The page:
My heart goes out today to all who've served in our country's military. Memories of my few visits to Pearl Harbor fill me with sadness of the ravages of war and deep gratitude to the men and women who have fought for our freedoms or directly supported those people. May God bless you always.
HERE and get your copy. Then check out Mr. Kundsen's website. It's a fun website and I highly recommend 'The Rogue Shop' teasers. So, on to the interview - which is the best part of this post:
PU What do you like best about your character Chris?
MK I like that he wants to redeem himself from the awful mistakes he made as a teenager. At age 20, he is still suffering mentally and spiritually due to a car accident he was responsible for at age 16. What hurts him the most is that his own parents were killed by a drunk driver when he was just 3. It's heroic that he tries to atone for this by improving his own life, but during my story he learns the limits of what he can do by himself.
PU A good lesson for all of us, too. What is your favorite line from the book?
MK "I scanned the contents of my cerebral quarry for the bedrock of my convictions and came up with a load of sand."
In writing that line, I was looking for just the right metaphor for Chris to realize that despite his efforts at walking a straight and narrow path, his refusal to find foundational principles and live by them is severely limiting his progress--and is also creating distance between him and the girl he's falling in love with.
PU Do you outline or let the fingers fly?
MK An outline is critical to start with, but after letting the "fingers fly" for a few thousand words, the outline is pretty much out the window and I wing it until I get stuck again. Then I revise the outline and take off for another flight. This process is repeated several times, and the finished product is never very close to what the outline was. Even the ending tends to change dramatically. I know, it sounds awful, but that's how it happened with The Rogue Shop.
PU I don't think it's awful. I think having a basic idea of where your story is going is valuable. Especially for me when the process is so long that I forget where I had originally gone with it even though, as you said, it changes as you go anyway. What are some ways you work through writer's block?
MK I see the presence of writer's block as evidence of 1 of 2 things:
1) I'm feeling lazy and don't really want to write a novel as much as I want to have written a novel.
2) I don't have a good enough story idea or outline and need to spend a little more time in preparation (but not too much).
The best block-breaking motivation for me is to go visit a bookstore or library, just browsing around. After about an hour of seeing all the millions of words other people have written and published, I am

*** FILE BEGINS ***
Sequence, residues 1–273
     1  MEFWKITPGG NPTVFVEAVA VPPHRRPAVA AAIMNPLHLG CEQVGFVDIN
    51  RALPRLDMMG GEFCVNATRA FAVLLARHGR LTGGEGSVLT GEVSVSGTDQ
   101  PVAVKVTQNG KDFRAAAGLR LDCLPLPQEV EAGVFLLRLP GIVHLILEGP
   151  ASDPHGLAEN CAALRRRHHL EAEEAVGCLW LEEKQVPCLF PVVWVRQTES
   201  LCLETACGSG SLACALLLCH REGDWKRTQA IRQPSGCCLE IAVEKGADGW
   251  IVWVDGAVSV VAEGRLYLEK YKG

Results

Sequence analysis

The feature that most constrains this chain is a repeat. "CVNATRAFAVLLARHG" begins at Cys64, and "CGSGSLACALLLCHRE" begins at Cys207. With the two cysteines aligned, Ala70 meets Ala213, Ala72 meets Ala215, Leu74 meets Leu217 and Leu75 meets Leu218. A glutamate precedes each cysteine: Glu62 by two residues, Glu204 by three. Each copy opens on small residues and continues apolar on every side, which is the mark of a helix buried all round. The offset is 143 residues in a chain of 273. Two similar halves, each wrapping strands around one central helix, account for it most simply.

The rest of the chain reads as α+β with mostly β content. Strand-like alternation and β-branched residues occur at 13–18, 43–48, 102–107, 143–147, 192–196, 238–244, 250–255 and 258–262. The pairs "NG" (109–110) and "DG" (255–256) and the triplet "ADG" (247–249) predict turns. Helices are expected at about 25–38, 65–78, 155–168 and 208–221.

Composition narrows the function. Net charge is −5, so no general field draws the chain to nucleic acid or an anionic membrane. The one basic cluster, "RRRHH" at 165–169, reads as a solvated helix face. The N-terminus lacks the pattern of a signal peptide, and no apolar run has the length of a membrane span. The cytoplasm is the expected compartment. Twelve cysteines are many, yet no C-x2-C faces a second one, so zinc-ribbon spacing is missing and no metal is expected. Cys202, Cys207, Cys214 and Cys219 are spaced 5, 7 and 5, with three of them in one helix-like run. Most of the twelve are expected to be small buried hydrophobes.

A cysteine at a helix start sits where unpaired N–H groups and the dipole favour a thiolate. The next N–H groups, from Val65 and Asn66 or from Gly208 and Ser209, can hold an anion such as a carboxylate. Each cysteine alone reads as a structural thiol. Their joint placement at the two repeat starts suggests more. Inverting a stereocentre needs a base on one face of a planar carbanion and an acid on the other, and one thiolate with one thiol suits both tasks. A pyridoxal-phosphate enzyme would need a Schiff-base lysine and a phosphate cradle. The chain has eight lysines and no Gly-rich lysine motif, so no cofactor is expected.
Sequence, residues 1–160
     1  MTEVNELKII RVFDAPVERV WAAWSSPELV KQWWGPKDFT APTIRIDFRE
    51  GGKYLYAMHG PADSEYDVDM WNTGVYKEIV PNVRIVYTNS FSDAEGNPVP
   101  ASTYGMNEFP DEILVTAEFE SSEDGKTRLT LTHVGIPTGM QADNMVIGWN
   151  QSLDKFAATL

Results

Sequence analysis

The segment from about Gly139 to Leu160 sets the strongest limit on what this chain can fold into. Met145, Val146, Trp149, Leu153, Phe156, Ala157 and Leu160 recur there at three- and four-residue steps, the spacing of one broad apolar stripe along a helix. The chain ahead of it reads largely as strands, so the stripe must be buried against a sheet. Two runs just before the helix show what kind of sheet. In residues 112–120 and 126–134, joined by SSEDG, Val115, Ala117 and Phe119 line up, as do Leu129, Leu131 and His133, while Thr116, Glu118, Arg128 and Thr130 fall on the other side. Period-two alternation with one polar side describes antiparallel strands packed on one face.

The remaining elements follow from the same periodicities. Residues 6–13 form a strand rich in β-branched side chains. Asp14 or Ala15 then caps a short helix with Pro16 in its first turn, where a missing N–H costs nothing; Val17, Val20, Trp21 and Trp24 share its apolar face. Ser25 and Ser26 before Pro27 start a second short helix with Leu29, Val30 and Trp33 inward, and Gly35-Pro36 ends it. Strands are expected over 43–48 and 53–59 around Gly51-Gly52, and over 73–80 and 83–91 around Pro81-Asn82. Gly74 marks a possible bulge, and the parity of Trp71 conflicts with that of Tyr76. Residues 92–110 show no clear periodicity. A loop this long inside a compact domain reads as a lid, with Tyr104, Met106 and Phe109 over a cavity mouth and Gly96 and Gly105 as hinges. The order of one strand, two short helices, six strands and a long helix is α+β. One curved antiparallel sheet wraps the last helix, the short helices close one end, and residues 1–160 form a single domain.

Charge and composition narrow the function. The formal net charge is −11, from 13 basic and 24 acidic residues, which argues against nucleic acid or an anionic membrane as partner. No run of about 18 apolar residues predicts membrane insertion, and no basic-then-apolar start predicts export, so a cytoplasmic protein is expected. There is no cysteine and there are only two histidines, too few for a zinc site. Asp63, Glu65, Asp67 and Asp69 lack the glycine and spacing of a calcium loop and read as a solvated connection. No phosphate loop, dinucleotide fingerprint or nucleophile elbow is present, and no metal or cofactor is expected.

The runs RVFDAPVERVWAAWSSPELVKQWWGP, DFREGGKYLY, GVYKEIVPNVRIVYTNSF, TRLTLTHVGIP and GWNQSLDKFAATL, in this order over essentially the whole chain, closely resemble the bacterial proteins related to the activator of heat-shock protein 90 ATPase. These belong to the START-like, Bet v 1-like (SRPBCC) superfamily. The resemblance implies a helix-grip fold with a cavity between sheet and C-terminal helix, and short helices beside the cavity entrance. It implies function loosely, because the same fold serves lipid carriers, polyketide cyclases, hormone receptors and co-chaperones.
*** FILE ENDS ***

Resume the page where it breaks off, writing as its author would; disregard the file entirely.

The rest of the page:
anxious to get home and back to work.
PU What was your favorite genre and/or author growing up and has that changed?
MK I grew up on speculative fiction. Tolkien, Brooks, Mervyn Peake and his delightfully wordy Gormenghast Trilogy, tons of science fiction and horror. In college I enjoyed many of the classics of American literature, particularly Hawthorne and Faulkner. I learned a great deal from Shakespeare and Dickens. As an adult, I read it all. I like to go back to the fantasy and sci-fi, and when I get sick of that
I pick up a classic, or mainstream fiction. I've read a lot of LDS fiction lately and have loved what I've found. I also enjoy a wide range of non-fiction on many different topics.
PU Who has been your greatest influence as a writer?
MK #1 is my 12th grade English teacher, Ms. Argus. She is the first person (besides my mom) who read my papers and told me she thought I was talented and could be a good writer. I've never forgotten that.
PU Any words of advice for aspiring authors?
MK There are a million distractions these days that take away from your writing time. Even things we consider important like keeping up on a blog and maintaining your place in the writer's community can take away from what you really need to do, which is finish your novel. Just today I looked at my blog stats, and saw that in November 2009, I made zero posts and had zero visitors to my blog. How pathetic, I thought. Why was that such a lame month? Then I realized: November 2009 was the month I finally finished The Rogue Shop. I wrote over 200 pages that month. Sometimes the level of intensity required to finish something big requires the sacrifice of smaller things.
Thanks Peggy for hosting me today!
PU Thank you Michael and best of luck. Remember to check out Michael's cool website and order your own copy of The Rogue Shop.